Alexander Calder was more than just the inventor of the mobile; he was a sculptor, painter, performer and printmaker. “My whole theory about art is the disparity that exists between form, masses and movement.” Calder said, “Even my triangles are spheres, but they are spheres of a different shape.”
Early Life and Education
Alexander Calder was born to a family of extraordinary artists in Lawton, Pennsylvania in 1898. His mother, Nanette Calder, was a portrait painter who studied at the Sorbonne. His father, Alexander Stirling Calder, was a sculptor whose works can be found in Philadelphia and throughout the world, including Miami, where he produced ornamental sculptures for Vizcaya, the James Deering estate.
Calder’s grandfather, Alexander Milne Calder, immigrated to Philadelphia in 1868. His landmark statue of William Penn graces the tower of the City Hall in Philadelphia. The family encouraged Calder’s early interest in art and always provided a studio for him, although they encouraged him to pursue a career in something more financially stable than art. To that end, after graduating from high school, Calder enrolled in the Stevens Institute of Technology in New Jersey.
After receiving his degree, Calder worked as a hydraulic engineer and draughtsman for the New York Edison Company. At age 24, Calder took a job as a mechanic on a passenger ship. Calder wrote that on an early morning, he woke up on deck to see the sun rising and the moon setting on opposite horizons. The view inspired Calder to leave the ship and pursue a career as an artist, eventually moving to New York to study at the Art Students League and, in 1926, travel to Paris to study at the Academie de la Grande Chaumiere.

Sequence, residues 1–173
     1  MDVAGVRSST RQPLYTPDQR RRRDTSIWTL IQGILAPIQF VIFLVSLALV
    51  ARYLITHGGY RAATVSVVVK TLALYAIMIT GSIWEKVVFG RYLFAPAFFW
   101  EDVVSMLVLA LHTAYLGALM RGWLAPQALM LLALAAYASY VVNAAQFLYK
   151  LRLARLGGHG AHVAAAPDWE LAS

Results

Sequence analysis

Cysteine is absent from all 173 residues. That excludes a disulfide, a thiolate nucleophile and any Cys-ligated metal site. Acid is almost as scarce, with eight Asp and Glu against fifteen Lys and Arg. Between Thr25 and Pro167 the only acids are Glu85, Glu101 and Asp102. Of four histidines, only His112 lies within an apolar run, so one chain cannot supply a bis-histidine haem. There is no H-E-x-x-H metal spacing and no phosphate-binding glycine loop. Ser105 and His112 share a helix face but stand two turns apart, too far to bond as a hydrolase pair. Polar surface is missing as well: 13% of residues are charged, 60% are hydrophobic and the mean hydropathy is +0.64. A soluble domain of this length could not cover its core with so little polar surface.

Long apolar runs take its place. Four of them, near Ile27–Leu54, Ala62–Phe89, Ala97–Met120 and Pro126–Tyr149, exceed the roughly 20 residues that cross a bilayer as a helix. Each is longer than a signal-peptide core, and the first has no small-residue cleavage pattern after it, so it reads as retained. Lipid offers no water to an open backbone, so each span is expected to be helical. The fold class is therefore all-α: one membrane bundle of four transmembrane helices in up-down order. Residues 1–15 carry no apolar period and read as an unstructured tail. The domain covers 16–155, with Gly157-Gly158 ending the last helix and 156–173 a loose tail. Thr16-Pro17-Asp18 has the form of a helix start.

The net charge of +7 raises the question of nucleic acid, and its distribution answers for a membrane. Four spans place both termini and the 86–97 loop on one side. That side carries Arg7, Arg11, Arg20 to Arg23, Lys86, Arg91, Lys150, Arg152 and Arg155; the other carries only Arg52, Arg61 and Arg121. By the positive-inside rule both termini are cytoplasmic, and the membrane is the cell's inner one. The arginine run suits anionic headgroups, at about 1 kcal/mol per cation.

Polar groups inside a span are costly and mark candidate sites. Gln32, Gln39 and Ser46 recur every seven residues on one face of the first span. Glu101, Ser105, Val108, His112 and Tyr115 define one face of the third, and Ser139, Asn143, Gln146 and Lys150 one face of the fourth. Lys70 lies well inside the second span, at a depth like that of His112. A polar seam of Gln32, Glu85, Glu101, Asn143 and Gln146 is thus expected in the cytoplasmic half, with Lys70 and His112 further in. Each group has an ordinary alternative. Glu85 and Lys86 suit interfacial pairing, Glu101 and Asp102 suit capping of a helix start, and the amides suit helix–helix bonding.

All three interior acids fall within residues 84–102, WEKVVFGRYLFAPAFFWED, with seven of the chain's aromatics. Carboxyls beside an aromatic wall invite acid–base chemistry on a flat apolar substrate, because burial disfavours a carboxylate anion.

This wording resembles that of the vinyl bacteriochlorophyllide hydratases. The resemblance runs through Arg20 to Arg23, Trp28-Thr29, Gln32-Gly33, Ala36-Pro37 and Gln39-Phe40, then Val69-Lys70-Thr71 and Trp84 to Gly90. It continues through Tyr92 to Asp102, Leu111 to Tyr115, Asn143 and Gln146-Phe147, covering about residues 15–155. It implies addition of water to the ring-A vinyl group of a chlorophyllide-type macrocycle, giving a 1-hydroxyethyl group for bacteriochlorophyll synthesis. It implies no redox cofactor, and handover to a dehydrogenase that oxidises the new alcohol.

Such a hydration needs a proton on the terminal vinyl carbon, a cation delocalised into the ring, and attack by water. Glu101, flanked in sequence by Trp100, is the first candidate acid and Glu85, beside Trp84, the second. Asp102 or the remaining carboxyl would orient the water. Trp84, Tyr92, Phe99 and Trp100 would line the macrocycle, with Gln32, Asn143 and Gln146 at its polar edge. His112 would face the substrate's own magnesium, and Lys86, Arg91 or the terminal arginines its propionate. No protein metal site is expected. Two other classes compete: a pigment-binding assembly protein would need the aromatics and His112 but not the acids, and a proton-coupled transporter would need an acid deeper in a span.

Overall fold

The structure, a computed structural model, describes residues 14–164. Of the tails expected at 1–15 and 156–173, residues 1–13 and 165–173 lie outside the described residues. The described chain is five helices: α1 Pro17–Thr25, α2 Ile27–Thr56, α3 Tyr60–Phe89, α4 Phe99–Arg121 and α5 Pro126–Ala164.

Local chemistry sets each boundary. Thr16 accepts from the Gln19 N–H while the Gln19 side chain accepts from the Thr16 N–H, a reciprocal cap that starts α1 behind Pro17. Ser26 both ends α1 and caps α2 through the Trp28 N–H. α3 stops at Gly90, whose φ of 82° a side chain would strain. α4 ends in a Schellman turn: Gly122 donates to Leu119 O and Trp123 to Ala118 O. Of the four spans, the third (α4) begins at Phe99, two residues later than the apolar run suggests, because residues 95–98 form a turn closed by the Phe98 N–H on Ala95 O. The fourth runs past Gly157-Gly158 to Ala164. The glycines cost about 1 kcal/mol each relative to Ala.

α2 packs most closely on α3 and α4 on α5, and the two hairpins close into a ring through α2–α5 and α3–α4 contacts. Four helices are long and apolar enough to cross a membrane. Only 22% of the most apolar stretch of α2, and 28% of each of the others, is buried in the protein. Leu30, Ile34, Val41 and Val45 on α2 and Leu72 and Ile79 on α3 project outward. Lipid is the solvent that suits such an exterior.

Career and Family
Cirque Calder, a miniature circus made of wire, wood, metal, cloth, yarn, paper, cardboard, leather, string, rubber tubing, corks, buttons, rhinestones, pipe cleaners, and bottle caps brought Calder much attention both in the U.S. and in Europe. Cirque Calder is currently housed at the Whitney.
Calder created kinetic sculptures, with cranks and motors and, around 1931, his mobiles, which were fashioned to be moved by surrounding air current, became his signature style.
Calder was married to Louisa James, the grandniece of author Henry James and philosopher William James. The couple married in 1931 and moved back to the U.S. in 1933. There bought a farmhouse in Roxbury, Connecticut, where they raised two daughters.
Alexander Calder’s magnificent sculptures can be found in venues around the world. His Bent Propeller sculpture was installed at the World Trade Center, but destroyed on September 11, 2001. Calder also painted and made prints and jewelry throughout his life. His work can be found at MoMA, the Center George Pompidou, the Guggenheim, the National Gallery of Art and other fine museums and galleries.
Alexander Calder died in New York in 1976, at age 78. He received the Presidential Medal of Honor posthumously in 1977, after refusing it while he was alive, as a protest of the Vietnam war. In 1998, the U.S. Postal Service honored Calder with 32-cent postage stamps of his work.